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Added package.json for npm #1

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maritz commented Oct 5, 2010

Hey,

I added this basic package.json for you so adding to npm is a step closer.

What are you thinking about changing the use of globals in the example to adding a registry to ni? I'd do it if you'd give it an okay.

Hope it helps,
Moritz Peters

Owner

chetan51 commented Oct 5, 2010

Hey,

Thanks so much! I'll add more information to the package.json and publish it to npm.

Sure, go ahead and do it, and I'll try it out and make it mainstream if that approach is better.

How did you like Ni by the way? Do you have any further suggestions on improving it? I'm glad you decided to contribute :)

Thank you,
Chetan

Contributor

maritz commented Oct 5, 2010

I like it and will probably use it in my next big project with maybe some changes.

For example I'll need some custom home routes. Meaning: example.com/logout will route to example.com/user/logout by defining it somewhere as a special route by something like Ni.addRoute('logout', 'user/logout');

Owner

chetan51 commented Oct 5, 2010

That's a good idea, I'll work on implementing that soon.

I'll also wait on publishing it to npm until after you've implemented your registry idea, so that we can have a consistent method of using it before making it mainstream.

Also let me know if you come across any bugs while using / trying out Ni.

Thanks!
Chetan

Owner

chetan51 commented Oct 5, 2010

Moritz,

What did you mean by adding a registry to Ni btw? I'm just curious as to how you can replace the use of globals in the example. (I'm quite new to Node.)

Thanks,
Chetan

Contributor

maritz commented Oct 5, 2010

I'm still thinking about how much to actually do with this.

Either just a simple array in Ni that then could be accessed by Ni.reg['something'] or something more complex that ties in with the router and adds request/response as context which would enable something like:

Ni.reg('someFunction', function (argument) {
  if (argument) {
    this.result.redirect('somewhere');
  } else if (this.request.session.something) {
    // some bla
  }
});

And then in a request handler:

Ni.reg('someFunction')(true);

However I'm still not very happy with that either...

Owner

chetan51 commented Oct 5, 2010

I'm a little confused; what would the registry be used for again? The use of globals in example/app.js is so that all those modules are available to the controllers / models / etc without each of them having to re-require them. How would the Ni registry attend to this need? Unless you were talking about something else, in which case I'm sorry for the miscommunication.

Contributor

maritz commented Oct 5, 2010

Globals have several problems, amongst them scope collisions and (according to some quite knowledgeable people in #node.js) V8 garbage collection doing bad stuff with it.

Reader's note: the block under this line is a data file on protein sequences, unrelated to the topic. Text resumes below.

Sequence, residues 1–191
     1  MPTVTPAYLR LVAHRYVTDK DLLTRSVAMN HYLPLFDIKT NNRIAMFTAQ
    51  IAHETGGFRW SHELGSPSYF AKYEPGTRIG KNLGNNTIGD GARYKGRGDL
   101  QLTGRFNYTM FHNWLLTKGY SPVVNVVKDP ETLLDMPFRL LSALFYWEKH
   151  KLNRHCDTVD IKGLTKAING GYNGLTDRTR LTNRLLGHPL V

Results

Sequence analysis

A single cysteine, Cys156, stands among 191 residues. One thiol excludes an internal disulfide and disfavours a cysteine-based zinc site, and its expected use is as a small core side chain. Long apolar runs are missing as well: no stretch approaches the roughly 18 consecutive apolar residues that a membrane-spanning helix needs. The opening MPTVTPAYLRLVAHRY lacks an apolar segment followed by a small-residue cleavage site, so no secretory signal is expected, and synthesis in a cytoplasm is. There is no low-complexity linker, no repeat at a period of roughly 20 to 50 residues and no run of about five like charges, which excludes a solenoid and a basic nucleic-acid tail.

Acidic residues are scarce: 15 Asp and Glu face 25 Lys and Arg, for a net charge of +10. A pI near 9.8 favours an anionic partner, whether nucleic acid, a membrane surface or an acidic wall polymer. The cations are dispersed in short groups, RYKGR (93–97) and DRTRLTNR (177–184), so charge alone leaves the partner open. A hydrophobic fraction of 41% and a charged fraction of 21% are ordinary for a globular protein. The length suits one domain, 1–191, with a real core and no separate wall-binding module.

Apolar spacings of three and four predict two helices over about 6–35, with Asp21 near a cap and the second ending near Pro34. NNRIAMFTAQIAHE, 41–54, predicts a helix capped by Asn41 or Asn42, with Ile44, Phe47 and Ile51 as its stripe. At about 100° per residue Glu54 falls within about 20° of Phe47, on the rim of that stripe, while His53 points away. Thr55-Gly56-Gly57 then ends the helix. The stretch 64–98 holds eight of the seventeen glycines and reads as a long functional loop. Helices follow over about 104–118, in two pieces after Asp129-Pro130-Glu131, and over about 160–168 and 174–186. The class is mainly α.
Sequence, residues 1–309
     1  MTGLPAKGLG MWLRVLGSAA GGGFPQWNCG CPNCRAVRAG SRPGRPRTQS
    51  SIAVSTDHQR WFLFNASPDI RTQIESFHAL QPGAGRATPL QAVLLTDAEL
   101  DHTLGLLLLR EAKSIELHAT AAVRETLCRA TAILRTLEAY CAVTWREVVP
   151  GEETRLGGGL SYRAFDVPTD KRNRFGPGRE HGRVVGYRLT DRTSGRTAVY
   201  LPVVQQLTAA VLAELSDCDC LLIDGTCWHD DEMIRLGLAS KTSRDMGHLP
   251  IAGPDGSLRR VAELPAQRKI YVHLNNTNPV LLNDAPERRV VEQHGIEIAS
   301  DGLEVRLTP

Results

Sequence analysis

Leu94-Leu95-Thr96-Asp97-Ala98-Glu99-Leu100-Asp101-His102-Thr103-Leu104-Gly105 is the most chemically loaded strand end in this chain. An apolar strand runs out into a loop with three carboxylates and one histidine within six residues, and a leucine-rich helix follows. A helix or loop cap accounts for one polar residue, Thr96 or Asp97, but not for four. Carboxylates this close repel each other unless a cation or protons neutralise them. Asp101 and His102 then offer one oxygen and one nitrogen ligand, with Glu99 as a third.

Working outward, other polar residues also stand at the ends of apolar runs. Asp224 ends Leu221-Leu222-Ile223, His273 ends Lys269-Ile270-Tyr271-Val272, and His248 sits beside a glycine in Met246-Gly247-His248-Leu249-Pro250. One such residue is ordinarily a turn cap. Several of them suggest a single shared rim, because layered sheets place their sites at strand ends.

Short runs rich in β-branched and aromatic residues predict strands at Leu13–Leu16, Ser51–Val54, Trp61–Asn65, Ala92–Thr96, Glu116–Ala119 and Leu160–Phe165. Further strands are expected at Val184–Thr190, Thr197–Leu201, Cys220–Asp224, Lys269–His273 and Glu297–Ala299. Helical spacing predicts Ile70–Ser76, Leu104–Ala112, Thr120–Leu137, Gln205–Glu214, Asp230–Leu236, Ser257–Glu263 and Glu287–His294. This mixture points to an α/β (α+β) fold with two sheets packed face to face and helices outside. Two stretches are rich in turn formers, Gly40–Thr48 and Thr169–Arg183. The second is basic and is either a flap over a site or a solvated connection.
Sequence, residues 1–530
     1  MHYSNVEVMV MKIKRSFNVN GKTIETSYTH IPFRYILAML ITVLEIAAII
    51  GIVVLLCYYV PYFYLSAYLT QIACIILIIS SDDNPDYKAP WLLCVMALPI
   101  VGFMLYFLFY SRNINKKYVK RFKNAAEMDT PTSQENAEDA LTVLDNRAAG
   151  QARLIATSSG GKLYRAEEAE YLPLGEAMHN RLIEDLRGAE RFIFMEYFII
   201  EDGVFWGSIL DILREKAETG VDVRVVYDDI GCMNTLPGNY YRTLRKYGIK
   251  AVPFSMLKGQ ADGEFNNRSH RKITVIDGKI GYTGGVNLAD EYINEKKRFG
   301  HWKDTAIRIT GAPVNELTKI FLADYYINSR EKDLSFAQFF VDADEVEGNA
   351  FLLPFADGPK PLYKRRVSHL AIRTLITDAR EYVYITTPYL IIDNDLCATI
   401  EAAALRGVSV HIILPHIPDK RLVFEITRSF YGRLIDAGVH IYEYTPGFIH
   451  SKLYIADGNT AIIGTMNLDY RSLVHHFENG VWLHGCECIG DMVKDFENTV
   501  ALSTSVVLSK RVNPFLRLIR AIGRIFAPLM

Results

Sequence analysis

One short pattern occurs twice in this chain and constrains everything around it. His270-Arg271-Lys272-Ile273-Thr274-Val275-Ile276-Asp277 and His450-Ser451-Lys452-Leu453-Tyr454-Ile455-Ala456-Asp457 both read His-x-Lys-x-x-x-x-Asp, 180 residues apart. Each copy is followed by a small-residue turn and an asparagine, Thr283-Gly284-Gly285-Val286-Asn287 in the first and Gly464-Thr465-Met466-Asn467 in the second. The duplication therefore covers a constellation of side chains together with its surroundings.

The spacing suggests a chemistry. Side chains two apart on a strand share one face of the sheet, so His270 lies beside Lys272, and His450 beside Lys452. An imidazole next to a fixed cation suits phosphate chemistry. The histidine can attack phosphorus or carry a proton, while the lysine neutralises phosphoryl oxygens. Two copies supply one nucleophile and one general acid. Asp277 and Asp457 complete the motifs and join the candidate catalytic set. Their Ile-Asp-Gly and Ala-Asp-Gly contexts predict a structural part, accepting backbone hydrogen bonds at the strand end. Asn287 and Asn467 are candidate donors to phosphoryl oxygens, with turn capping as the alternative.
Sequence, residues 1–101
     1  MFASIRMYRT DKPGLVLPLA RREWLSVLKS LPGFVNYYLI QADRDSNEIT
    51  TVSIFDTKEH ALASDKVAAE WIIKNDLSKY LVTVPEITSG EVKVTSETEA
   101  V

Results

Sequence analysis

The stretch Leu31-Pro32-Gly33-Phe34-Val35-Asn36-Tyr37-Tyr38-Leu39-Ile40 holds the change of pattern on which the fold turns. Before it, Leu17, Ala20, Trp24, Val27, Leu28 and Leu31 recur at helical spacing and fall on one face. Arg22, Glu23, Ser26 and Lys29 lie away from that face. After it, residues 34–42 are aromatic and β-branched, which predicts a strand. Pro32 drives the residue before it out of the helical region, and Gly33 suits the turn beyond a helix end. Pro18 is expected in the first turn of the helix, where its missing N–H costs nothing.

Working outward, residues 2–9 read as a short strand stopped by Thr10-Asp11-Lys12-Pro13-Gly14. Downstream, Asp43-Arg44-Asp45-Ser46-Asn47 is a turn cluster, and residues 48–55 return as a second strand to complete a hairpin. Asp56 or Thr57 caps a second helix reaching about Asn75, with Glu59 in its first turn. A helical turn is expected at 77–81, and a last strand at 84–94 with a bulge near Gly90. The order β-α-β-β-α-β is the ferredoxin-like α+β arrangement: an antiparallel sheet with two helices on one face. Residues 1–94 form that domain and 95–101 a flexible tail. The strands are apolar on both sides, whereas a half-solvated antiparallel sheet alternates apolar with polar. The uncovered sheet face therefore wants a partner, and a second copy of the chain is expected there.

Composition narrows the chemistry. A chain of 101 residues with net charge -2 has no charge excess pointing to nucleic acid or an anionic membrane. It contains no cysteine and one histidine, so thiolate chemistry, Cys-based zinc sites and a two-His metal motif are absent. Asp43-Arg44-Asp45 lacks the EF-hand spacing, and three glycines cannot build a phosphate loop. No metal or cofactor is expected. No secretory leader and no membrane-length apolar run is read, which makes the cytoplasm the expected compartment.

Every other language I know (including browser js) tries to avoid globals for good reasons and node.js shouldn't be any different.

Owner

chetan51 commented Oct 5, 2010

Ah, I see. So what other options are there to make sure that the Ni object required in app.js is available to all the controllers / models / etc that it is including?

Is there a way for it to pass a reference to itself when it's bootstrapping all your controllers, models and stuff to all of them?

Contributor

maritz commented Oct 5, 2010

require('ni'); in the controller/model/etc where you need it should do the trick.

Owner

chetan51 commented Oct 5, 2010

But would that require('ni')ed Ni contain all the controllers, views, etc that the booted Ni would contain, or would it be a new, unbooted Ni instance?

I figured out that I can just add a reference to the booted Ni to all the controllers, models, helpers and libraries that it loads, so that each of them can access Ni with this.Ni. That way, Ni doesn't have to be global, and the controllers, models, etc don't have to re-require it for each one.

But what about the other modules that a user might want access to? Their favorite templating engine, for instance? Would they have to re-require it for every controller, model, etc that they have? Would that also be inefficient in terms of performance, since it would be loading multiple instances of the same templating engine into memory?

Contributor

maritz commented Oct 5, 2010

require is buffering meaning that if you require('ni') in a controller/model/etc it has access to the registry stuff you set in other files.

Personally I'd store the templating engine in the registry or response object. But I wouldn't put that in ni, there are other frameworks (like express) that handle this stuff.

You'd only have to re-require ni and then fetch models from that. That's the way ni does it right now though, isn't it?! No need to change model handling if you ask me. :)

Owner

chetan51 commented Oct 5, 2010

Awesome!

I've updated the code and the README to remove the use of globals and just require Ni and other modules as needed.

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